FIGURE 5
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FIGURE 5. Correlations between variables at W1 and W2. While W1 VLPFC activity predicts W2 risk taking controlling for W1 risk taking, the reciprocal path of W1 Risk Taking to W2 VLFPC activation controlling for W1 activity is not significant. Zero-order correlations are indicated with double-headed arrows, while regression analyses controlling for both W1 variables are indicated with single-headed arrows. ∗∗p < 0.005, ∗∗∗p < 0.0001.

Pubertal Development and Gender Differences

Finally, we wanted to examine whether pubertal maturation or gender were associated with our constructs of interest. Adolescents showed higher levels of pubertal development at W2 (M = 3.20, SD = 0.29, range = 2.40–4.00) than W1 (M = 2.95, SD = 0.60, range = 1.60–4.00), t(19) = 3.39, p = 0.003). Age and pubertal development were not significantly related at W1 or W2 (W1: r = 0.322, p = 0.17; W2: r = –0.04, p = 0.86), likely due to the very restricted age range. Female participants showed marginally more pubertal development at W1 than males [t(18) = –1.97, p = 0.065] and significantly more pubertal development at W2 [t(18) = –2.99, p = 0.008], although there was no significant gender difference in changes in pubertal development across the year [t(18 = 0.06, p = 0.95]. Pubertal maturation at W1 was associated with greater risk-taking behavior at W1 (r = 0.60, p = 0.005), but pubertal maturation at W1 did not predict W2 risk-taking behavior (controlling for W1 risk taking). Pubertal maturation at W2 was marginally associated with risk-taking behavior at W2 (r = 0.44, p = 0.053). Pubertal maturation at W1 was not associated with VLPFC activation at W1, W2, or W2 > W1. In terms of gender, males and females did not differ in VLPFC activation at W1 [t(18) = 0.96, p = 0.35] or W2 [t(18) = –0.63, p = 0.54] nor in risk-taking behavior at W1 [t(18) = –1.08, p = 0.30] or W2 [t(18) = –1.20, p = 0.24]. Finally, we re-ran all primary analyses of interest, controlling for age, and gender, and either pubertal development at W1 or the change in pubertal development. Controlling for these variables in our mediation model or including these variables as additional controls in our whole brain regression analyses, did not impact any of the effects we observed.

Discussion

Prior research examining developmental differences in cognitive control-related brain function have produced mixed and contradictory results (Crone and Dahl, 2012). These contradictions have made it difficult to draw meaningful conclusions from the current literature. Prior work has relied almost entirely on cross-sectional measurements of the brain (for exceptions see Koolschijn et al., 2011; Ordaz et al., 2013; Braams et al., 2015; Paulsen et al., 2015), which can fail to capture important aspects of development. This is especially true in adolescence when individuals do not necessarily experience change at the same rate or in the same direction (Kraemer et al., 2000). Using longitudinal fMRI techniques, we found that cross-sectional approaches can result in apparently contradictory conclusions concerning relationships between brain and behavior. The reversal in the association between cognitive control-related VLPFC activation and changes in risk taking observed in the current study may reflect changing brain-behavior relationships across this transitional period of development. While further research will be required to test these hypotheses, it may be that divergent patterns of maturation in VLPFC regions result in these apparently contradictory findings. Delayed maturation of neural regions involved in cognitive control may limit adolescents’ ability to regulate their behavior, resulting in increases in risky behavior.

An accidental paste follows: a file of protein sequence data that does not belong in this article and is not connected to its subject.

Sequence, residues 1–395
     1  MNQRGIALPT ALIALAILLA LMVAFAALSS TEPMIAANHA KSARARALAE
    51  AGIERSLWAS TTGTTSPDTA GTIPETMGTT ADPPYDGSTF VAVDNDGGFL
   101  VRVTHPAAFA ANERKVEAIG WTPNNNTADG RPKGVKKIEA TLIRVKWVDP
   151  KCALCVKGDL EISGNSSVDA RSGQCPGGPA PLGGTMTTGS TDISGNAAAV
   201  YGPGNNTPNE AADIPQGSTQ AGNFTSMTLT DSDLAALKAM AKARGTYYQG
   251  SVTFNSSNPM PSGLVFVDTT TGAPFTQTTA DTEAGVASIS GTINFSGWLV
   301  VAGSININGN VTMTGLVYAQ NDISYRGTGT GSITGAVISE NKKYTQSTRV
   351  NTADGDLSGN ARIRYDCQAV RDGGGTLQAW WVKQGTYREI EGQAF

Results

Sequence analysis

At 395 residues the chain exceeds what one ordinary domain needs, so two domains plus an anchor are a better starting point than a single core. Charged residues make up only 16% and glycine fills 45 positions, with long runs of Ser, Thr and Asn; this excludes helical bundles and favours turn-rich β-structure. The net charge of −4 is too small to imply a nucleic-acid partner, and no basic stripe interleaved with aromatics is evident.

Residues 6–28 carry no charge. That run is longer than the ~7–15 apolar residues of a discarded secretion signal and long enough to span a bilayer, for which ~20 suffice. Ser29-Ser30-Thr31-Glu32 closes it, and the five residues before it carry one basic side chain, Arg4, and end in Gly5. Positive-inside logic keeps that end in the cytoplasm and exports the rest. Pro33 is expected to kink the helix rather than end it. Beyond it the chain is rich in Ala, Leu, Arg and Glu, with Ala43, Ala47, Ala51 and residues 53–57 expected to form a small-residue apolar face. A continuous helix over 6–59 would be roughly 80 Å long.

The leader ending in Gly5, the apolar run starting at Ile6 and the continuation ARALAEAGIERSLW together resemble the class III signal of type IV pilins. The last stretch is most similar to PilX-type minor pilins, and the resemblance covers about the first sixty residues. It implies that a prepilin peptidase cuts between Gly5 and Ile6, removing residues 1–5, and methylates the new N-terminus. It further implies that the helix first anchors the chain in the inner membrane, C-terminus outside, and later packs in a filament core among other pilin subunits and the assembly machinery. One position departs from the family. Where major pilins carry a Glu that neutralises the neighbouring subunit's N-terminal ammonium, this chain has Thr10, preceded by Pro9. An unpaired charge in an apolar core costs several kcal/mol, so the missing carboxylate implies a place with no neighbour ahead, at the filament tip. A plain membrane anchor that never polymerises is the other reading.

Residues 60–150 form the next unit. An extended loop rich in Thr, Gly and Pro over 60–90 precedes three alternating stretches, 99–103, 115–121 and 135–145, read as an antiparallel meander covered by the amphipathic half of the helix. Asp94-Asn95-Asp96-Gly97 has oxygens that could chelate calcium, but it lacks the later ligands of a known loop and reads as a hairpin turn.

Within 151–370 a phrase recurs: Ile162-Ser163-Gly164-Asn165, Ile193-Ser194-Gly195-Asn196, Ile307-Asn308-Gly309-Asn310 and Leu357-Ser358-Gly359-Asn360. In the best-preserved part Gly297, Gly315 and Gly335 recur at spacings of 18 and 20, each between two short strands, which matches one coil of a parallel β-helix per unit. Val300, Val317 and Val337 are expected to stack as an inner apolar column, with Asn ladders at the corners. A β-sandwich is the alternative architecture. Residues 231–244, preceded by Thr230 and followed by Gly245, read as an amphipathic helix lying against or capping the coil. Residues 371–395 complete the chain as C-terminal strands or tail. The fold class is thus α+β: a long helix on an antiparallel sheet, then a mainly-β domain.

Our findings show that at age 14 years, increased activation in the ventrolateral prefrontal cortex during cognitive control was associated with less risk-taking behavior one year later. However, longitudinal neural trajectories from ages 14 to 15 show the opposite pattern, such that declines in activation during cognitive control were related to declines in risk taking. We explored this apparent discrepancy in a number of ways to assess whether our results may be driven by spurious statistical effects (e.g., regression to the mean) or may represent a meaningful development transition. First, we examined the association between risk-taking behavior and W2 neural activation on its own. We found, in contrast with W1 effects, that W2 VLPFC activation was positively associated with W2 risk-taking behavior, indicating a significant flip in the association between brain and behavior. We also plotted individual neural trajectories in order to examine the possibility that individuals are converging across the year in terms of brain activation. Rather than converging, these trajectories suggested that the adolescents who showed increased W2 risk taking versus decreased W2 risk taking had opposite patterns of neural change, crossing one another between 14- and 15-years of age. Thirdly, we performed mediation analyses to test whether longitudinal brain changes explained the association between W1 VLPFC activation and W2 risk-taking behavior. We found that longitudinal changes in VLPFC activation explained, in part, the relationship between W1 VLPFC activation and W2 risk-taking behavior. These results highlight the importance of using neural change to predict behavior during development. Fourth, using regression analyses to predict W2 brain and behavior show that while W1 VLPFC activation predicts W2 risk-taking (controlling for W1 risk taking), W1 risk taking does not predict W2 neural activation. Additionally, the relationship between VLPFC activation and risk-taking behavior changes from a negative (albeit non-significant) association to a moderately strong positive relationship, further bolstering the conclusion that this period of development involves significant changes in brain-behavior relationships.